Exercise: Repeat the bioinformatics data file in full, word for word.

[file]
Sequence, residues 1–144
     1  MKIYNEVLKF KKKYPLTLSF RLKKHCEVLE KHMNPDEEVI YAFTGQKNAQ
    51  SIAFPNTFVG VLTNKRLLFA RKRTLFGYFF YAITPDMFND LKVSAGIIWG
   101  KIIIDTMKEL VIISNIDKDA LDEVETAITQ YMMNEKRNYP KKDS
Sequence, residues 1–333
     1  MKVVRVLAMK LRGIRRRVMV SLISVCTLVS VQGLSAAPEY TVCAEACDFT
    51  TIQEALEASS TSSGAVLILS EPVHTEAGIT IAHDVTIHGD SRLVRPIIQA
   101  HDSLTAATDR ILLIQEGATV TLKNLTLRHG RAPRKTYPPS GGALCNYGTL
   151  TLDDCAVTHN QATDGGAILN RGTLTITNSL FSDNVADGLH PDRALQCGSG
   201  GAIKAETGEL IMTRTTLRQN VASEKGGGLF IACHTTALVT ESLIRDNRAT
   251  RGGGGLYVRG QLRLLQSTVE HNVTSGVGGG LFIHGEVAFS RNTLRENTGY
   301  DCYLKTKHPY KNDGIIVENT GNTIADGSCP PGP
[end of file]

Sequence, residues 1–144
     1  MKIYNEVLKF KKKYPLTLSF RLKKHCEVLE KHMNPDEEVI YAFTGQKNAQ
    51  SIAFPNTFVG VLTNKRLLFA RKRTLFGYFF YAITPDMFND LKVSAGIIWG
   101  KIIIDTMKEL VIISNIDKDA LDEVETAITQ YMMNEKRNYP KKDS
Sequence, residues 1–333
     1  MKVVRVLAMK LRGIRRRVMV SLISVCTLVS VQGLSAAPEY TVCAEACDFT
    51  TIQEALEASS TSSGAVLILS EPVHTEAGIT IAHDVTIHGD SRLVRPIIQA
   101  HDSLTAATDR ILLIQEGATV TLKNLTLRHG RAPRKTYPPS GGALCNYGTL
   151  TLDDCAVTHN QATDGGAILN RGTLTITNSL FSDNVADGLH PDRALQCGSG
   201  GAIKAETGEL IMTRTTLRQN VASEKGGGLF IACHTTALVT ESLIRDNRAT
   251  RGGGGLYVRG QLRLLQSTVE HNVTSGVGGG LFIHGEVAFS RNTLRENTGY
   301  DCYLKTKHPY KNDGIIVENT GNTIADGSCP PGP